piles contain concrete or a cement-based material.
Driven piles are typically top-driven with an impact hammer
activated by air, steam, hydraulic, or diesel mechanisms,
although vibratory drivers are occasionally used. Some piles,
such as steel corrugated shells and thin-wall pipe piles, would be
destroyed if top-driven. For such piles, an internal steel mandrel
is inserted into the pile to receive the blows of the hammer and
support the shell during installation. The pile is driven into the
ground with the mandrel, which is then withdrawn. Driven
piles tend to compact the soil beneath the pile tip.
Several types of piles are installed by drilling or rotating
with downward pressure, instead of driving. Drilled piles
usually involve concrete or grout placement in direct contact
with the soil, which can produce side-friction resistance
greater than that observed for driven piles. On the other
hand, because they are drilled rather than driven, drilled
piles do not compact the soil beneath the pile tip and, in fact,
can loosen the soil at the tip. Post-grouting may be used after
installation to densify the soil under the pile tip.
Concrete piles are classified according to the condition under which the concrete is cast. Some concrete piles
(precast piles) are cast in a plant before driving, which
allows controlled inspection of all phases of manufacture.
Other piles are cast-in-place (CIP), a term used in this report
to designate piles made of concrete placed into a previouslydriven, enclosed container. Concrete-filled corrugated shells
and closed-end pipe are examples of CIP piles. Other piles
are cast-in-situ (CIS), a term used in this report to designate
concrete cast directly against the earth. Drilled piers and
auger-grout piles are examples of CIS piles.

Piles are slender structural elements installed in the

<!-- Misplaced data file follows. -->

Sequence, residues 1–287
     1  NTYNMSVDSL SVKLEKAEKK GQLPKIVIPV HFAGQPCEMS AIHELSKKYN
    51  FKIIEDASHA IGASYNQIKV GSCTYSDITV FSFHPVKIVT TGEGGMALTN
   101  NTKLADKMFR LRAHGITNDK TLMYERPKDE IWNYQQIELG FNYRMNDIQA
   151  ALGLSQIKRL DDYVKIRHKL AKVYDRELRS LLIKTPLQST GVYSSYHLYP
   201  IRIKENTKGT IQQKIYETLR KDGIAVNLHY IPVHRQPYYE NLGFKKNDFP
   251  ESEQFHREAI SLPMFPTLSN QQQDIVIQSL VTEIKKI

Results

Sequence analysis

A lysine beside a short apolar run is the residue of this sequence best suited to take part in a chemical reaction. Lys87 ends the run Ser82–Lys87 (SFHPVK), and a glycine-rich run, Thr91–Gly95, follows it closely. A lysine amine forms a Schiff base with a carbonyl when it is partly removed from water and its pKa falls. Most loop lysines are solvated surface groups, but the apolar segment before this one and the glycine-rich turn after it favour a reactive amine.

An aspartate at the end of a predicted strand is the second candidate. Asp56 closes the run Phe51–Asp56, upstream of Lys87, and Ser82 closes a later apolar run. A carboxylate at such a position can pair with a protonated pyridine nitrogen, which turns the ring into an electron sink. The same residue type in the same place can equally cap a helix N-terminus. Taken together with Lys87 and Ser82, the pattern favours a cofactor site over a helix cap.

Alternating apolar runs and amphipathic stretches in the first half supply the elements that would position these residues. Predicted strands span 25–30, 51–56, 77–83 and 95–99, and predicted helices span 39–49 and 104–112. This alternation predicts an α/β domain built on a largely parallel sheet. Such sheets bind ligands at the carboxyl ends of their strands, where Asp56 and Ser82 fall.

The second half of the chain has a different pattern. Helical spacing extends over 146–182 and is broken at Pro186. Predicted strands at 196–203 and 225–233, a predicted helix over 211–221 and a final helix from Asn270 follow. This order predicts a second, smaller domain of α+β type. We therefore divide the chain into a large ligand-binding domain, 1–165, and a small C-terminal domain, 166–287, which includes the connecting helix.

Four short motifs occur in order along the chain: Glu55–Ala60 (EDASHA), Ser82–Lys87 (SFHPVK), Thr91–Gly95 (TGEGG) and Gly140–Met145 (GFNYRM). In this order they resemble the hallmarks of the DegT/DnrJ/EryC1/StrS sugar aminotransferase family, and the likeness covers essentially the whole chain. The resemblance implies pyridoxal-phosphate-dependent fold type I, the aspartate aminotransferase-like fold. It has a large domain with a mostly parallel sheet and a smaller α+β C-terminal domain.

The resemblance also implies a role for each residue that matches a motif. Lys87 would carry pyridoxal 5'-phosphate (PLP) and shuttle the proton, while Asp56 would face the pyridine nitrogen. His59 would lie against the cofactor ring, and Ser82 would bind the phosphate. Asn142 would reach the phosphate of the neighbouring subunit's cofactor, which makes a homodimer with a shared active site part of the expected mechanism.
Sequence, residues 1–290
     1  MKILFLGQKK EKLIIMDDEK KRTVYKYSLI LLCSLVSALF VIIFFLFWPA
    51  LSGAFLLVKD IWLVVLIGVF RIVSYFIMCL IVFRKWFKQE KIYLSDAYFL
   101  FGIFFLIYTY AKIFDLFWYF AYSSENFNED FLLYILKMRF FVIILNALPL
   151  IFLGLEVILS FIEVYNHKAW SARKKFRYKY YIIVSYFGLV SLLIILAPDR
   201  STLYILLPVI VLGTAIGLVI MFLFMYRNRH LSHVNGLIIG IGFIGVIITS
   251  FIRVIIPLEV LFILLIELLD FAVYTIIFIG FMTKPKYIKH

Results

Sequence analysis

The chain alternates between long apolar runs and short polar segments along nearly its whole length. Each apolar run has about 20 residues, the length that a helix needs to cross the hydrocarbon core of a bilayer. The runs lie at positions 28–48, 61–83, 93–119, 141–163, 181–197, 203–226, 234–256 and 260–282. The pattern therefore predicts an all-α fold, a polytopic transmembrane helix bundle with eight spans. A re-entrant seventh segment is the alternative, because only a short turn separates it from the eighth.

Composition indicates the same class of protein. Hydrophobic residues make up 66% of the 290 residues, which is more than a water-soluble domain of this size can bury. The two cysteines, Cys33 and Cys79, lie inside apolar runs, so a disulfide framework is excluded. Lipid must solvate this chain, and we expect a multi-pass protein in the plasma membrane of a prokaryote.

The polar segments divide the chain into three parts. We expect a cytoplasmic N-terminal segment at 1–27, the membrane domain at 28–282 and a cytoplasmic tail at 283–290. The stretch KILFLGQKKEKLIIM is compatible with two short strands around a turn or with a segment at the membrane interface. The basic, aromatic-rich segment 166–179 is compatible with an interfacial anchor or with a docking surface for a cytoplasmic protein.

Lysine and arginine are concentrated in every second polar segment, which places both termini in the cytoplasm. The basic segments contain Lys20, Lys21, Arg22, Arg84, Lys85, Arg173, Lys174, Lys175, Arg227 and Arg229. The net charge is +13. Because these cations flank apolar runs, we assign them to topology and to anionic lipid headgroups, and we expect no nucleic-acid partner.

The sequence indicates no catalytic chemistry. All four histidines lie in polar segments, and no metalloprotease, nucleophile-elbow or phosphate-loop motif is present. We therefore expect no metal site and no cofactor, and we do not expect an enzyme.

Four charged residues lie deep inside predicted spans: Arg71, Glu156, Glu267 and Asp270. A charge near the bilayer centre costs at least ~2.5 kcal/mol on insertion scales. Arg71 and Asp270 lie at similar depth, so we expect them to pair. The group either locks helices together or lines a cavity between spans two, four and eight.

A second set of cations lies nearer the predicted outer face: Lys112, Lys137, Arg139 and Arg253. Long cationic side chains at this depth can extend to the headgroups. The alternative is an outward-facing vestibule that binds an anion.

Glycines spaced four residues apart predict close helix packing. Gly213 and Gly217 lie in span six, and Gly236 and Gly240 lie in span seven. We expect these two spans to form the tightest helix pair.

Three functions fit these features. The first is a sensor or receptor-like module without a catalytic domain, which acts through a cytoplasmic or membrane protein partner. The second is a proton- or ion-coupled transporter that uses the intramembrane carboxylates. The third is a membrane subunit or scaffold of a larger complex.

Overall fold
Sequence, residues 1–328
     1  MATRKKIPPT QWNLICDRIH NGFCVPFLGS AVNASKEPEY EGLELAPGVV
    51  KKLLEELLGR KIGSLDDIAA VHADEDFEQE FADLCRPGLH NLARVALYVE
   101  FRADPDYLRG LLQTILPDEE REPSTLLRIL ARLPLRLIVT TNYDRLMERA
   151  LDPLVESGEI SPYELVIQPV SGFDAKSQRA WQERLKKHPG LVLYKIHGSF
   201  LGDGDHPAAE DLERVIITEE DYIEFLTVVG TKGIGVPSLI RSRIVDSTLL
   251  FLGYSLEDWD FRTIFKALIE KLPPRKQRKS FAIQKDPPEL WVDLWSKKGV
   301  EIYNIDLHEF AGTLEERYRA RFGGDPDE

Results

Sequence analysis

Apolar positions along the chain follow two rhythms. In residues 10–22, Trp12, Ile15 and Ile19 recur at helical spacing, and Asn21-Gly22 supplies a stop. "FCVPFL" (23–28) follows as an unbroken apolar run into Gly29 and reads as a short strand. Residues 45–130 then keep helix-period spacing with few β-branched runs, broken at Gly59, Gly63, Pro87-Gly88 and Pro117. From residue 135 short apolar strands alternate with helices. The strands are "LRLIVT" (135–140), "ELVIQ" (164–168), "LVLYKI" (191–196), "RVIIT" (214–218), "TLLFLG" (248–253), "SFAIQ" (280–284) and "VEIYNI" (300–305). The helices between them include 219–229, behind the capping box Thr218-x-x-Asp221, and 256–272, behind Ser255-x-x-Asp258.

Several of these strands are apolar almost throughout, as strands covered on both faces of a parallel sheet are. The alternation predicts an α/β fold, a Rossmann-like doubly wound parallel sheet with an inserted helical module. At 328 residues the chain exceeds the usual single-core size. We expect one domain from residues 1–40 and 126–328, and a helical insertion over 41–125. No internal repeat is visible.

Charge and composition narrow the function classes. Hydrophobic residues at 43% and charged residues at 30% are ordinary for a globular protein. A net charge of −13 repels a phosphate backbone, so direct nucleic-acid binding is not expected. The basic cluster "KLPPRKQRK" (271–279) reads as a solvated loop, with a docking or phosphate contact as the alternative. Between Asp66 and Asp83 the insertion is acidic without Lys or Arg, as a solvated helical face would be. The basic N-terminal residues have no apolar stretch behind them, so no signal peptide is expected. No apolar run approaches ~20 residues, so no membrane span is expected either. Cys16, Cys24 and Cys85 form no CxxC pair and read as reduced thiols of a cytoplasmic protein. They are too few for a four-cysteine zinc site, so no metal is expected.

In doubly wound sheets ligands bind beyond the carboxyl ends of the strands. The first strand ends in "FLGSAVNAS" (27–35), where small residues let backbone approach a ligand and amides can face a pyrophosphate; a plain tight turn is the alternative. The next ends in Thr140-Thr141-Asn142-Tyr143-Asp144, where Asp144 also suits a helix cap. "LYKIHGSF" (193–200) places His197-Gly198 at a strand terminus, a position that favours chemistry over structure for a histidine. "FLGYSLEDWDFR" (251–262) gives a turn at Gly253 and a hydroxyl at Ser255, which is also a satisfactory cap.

ground to support a load or compact the soil. They are
made of several materials or combinations of materials and
are installed by impact driving, jacking, vibrating, jetting,
drilling, grouting, or combinations of these techniques. Piles
are difficult to summarize and classify because there are
many types, and new types are still being developed. This
report covers only the types of piles currently used in North
American construction projects. A pile type can be assigned

1.2Types of piles
1.2.1 Precast concrete pilesThis general classification
covers both conventionally reinforced concrete piles and
prestressed concrete piles. Both types can be formed by
casting, spinning (centrifugal casting), slipforming, or
extrusion and are made in various cross-sectional shapes,
such as triangular, square, octagonal, and round. Some
piles are cast with a hollow core. Precast piles usually have
a uniform cross section but can have a tapered tip. Precast
concrete piles are designed and manufactured to withstand
handling and driving stresses in addition to service loads.

Chapter 5Seismic design and detailing

considerations, p. 27
5.2General seismic impacts on pile behavior
5.3Seismic pile behavior
5.4Geotechnical and structural design considerations
5.5Seismic detailing of concrete piles
5.6Vertical accelerations
Chapter 6Materials, p. 35
6.3Reinforcement and prestressing materials
6.4Steel casing
6.5Structural steel cores and stubs
Chapter 7Manufacture of precast concrete piles,
p. 39
7.3Placement of steel reinforcement
7.4Embedded items
7.5Mixing, transporting, placing, and curing concrete
7.6Pile manufacturing
7.7Handling and storage
Chapter 8Installation of concrete piles, p. 43
8.1Purpose and scope
8.2Installation equipment, techniques, and methods
8.3Prevention of damage to piling during installation
8.4Handling and positioning during installation
8.5Reinforcing steel and steel core placement
8.6Concrete placement for CIP and CIS piles
8.7Pile details
8.8Extraction of concrete piles
8.9Concrete sheet piles